Women in UMD History

First women to graduate from the University of Massachusetts Dartmouth, 1912-1917

The first women to graduate from the university attended the Fall River and New Bedford textile schools which merged in 1960 to form Southeastern Massachusetts Technological Institute (SMTI), now the University of Massachusetts Dartmouth. The first woman to earn a diploma (bachelor’s degrees were not awarded at that time) attended day classes with about 40 men at Bradford Durfee Textile School of Fall River. Her name was Leah Osborne Millard. The records are silent on how difficult it was for her to gain admission, however, upon graduation in 1912 her classmates elected her to deliver the class prophecy, and according to the Herald News, Fall River, bestowed her with flowers on commencement day. Just as the majority of women who gained admission to the school in the teens and twenties, she studied textile design. At commencement Leah Millard presented a paper entitled “Tinctorial and Pigmentary Colors.”

Fall River Herald news clipping, 1912
Fall River Herald News Clipping, 1912.

Transcription of the text follows

"Graduation exercises of the day students of the class of 1912 at the Bradford Durfee Textile School were held this afternoon in the auditorium of the school. There are 15 members of the class, six of them have taken the general cotton manufacturing course; four, chemistry and dyeing; three, engineering; one, textile designing, and one special weaving. One member of the class is a young woman."

Fall River Herald news clipping, 1912

Fall River Herald news clipping, 1912

"Miss Leah Osborne Millard, the young woman of the class and class prophetess, next read the the prophecy. It was to be hoped that the young men who have been her fellow students do as well as she promised for them, for she selected for each a work of importance and profit that should prove most acceptable. That the young men of the graduating class appreciate as well as admire their fair fellow student and prophetess was evident in the beautiful bouquet of fleurs de lis, violets and lilies of the valley that was presented to her from them. The orchestra played Brahms Hungarian Dance No.2."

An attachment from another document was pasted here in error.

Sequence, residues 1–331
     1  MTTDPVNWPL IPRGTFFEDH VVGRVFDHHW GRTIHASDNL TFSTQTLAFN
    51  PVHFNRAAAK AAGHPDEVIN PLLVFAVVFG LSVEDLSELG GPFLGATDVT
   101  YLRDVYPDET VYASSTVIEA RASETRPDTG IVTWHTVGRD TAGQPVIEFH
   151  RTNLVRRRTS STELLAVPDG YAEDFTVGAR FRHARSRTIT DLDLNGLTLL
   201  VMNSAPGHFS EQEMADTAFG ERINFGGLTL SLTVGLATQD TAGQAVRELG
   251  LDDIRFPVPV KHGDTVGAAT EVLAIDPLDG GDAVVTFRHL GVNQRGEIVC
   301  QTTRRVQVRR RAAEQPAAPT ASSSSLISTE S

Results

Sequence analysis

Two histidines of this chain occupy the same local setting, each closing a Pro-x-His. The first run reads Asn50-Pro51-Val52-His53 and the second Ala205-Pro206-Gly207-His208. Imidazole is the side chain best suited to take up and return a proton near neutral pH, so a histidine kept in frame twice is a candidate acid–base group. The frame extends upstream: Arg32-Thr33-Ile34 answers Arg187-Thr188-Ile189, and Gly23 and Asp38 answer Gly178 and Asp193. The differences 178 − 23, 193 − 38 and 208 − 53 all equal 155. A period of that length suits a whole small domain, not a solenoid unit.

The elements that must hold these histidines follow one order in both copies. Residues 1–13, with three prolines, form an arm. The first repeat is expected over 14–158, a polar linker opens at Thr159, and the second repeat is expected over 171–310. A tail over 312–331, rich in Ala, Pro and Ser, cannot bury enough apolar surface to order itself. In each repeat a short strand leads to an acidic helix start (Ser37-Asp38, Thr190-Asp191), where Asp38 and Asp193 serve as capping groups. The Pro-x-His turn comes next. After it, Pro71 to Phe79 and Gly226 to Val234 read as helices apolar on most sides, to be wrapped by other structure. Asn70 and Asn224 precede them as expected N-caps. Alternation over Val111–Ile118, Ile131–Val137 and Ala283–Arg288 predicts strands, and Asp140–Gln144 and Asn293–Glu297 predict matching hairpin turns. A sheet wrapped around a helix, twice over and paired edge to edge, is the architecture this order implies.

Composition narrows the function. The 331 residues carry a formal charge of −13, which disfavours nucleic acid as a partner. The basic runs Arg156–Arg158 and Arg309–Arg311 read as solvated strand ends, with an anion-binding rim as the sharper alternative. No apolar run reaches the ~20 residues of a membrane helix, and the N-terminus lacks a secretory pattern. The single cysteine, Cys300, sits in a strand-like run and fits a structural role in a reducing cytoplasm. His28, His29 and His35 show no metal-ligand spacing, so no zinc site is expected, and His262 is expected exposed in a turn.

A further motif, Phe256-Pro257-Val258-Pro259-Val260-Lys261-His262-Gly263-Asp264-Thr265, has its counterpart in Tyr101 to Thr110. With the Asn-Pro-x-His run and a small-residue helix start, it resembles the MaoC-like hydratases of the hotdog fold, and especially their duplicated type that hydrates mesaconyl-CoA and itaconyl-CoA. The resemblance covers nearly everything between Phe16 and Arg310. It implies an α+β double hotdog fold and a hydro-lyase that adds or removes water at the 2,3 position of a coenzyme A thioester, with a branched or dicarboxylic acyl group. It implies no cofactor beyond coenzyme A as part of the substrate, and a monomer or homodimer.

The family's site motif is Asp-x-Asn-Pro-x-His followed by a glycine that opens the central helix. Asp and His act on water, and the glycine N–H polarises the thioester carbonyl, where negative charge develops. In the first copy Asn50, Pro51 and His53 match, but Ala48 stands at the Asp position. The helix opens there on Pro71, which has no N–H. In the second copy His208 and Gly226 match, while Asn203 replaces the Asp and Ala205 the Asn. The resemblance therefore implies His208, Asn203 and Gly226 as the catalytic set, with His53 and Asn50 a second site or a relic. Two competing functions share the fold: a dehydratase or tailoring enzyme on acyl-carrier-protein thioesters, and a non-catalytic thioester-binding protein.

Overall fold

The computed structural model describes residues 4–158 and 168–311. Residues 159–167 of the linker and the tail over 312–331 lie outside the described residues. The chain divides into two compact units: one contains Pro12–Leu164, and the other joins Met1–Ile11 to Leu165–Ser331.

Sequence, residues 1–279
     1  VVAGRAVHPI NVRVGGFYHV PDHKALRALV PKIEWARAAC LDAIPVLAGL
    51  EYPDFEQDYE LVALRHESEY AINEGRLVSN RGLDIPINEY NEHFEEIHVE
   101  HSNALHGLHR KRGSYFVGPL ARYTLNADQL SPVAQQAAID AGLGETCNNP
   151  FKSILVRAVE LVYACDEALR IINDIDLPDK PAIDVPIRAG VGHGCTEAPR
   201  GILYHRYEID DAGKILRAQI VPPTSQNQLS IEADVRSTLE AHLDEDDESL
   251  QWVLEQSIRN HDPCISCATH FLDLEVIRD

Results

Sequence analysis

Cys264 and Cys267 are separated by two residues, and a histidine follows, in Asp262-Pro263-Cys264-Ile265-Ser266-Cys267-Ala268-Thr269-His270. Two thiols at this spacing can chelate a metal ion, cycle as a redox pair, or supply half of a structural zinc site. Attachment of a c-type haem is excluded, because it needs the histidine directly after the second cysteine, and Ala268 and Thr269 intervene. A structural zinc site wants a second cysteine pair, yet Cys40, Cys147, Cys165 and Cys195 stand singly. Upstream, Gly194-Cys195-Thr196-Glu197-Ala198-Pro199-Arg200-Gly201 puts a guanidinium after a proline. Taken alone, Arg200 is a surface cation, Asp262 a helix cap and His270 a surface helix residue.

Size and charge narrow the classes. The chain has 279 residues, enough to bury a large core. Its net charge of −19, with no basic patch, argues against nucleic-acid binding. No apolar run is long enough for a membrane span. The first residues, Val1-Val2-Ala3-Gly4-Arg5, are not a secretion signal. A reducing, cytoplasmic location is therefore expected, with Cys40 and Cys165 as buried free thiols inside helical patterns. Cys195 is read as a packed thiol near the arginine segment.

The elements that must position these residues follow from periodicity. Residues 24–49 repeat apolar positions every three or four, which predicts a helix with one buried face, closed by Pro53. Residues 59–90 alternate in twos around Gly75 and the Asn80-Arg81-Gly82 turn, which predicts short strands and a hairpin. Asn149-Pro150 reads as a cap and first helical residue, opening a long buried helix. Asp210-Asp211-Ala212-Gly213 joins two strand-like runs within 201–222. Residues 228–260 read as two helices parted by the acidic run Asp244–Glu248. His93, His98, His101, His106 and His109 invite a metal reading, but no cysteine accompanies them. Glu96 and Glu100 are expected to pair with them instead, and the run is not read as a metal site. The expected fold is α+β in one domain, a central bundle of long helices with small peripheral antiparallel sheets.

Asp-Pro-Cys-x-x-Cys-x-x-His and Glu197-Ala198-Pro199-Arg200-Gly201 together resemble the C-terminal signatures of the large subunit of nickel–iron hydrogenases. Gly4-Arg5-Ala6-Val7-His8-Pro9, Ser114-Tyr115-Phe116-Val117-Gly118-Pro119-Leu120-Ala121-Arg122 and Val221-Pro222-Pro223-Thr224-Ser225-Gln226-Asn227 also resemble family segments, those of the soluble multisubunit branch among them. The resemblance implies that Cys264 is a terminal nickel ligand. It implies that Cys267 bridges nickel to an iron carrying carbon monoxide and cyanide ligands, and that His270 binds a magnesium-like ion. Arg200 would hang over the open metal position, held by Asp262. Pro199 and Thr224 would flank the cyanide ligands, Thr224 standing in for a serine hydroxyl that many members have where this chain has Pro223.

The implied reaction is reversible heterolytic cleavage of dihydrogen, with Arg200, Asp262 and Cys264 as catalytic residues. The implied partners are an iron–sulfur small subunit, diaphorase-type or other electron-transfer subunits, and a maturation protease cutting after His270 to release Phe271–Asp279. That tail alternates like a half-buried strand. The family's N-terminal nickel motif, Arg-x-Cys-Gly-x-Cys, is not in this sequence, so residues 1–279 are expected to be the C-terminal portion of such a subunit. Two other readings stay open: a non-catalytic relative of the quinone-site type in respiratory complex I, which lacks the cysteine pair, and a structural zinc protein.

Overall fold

After 1912 the number of women enrolled remained steady until Principal Fenwick Umpleby added a course in Freehand Drawing and Ornamentation, designed especially for women. The course was advertised for the first time in the 1913 catalogue of Bradford Durfee and drew a few women. By 1917 there were 12 women enrolled.

In 1912 Bradford Durfee also awarded certificates to 5 women enrolled in night classes: Rose Brennan and Annie Burke for Jacquard Weaving, and Martha Jane Grimshaw, Jessie Veronica Meadowcraft and Margaret Meadowcraft for Dobby Weaving. Evening enrollment was considerably higher than day; in 1912 297 students graduated. Evening school was designed for mill workers, and course offerings differed from those during the day. The five women who graduated in 1912 studied the operation of special looms to increase their employment opportunities in a booming local textile job market.

1913 photo of students at work quilling. Bradford Durfee Textile School
1913 photo of students at work quilling.
Bradford Durfee Textile School

Bradford Durfee Textile school postcard, c.1906
Bradford Durfee Textile School postcard, c.1906

UMD’s other predecessor school, the New Bedford Textile School, appears to have been less open to female applicants. The first woman enrolled was Molly Gammons, class of 1917. According to a 1984 interview conducted with Molly, admission was only on condition she did not speak to her male classmates. Molly studied textile design, and after graduation in 1917 she was offered a job as chief designer with the Manville Mill in Rhode Island.

Textile surface pattern design, gouache on paper, by Molly Gammons, 1917

Textile surface pattern design, gouache on paper, by Molly Gammons, 1917







Molly Gammons and her classmates
Molly Gammons and her classmates

New Bedford Textile School postcard, c.1900
New Bedford Textile School Postcard, c.1900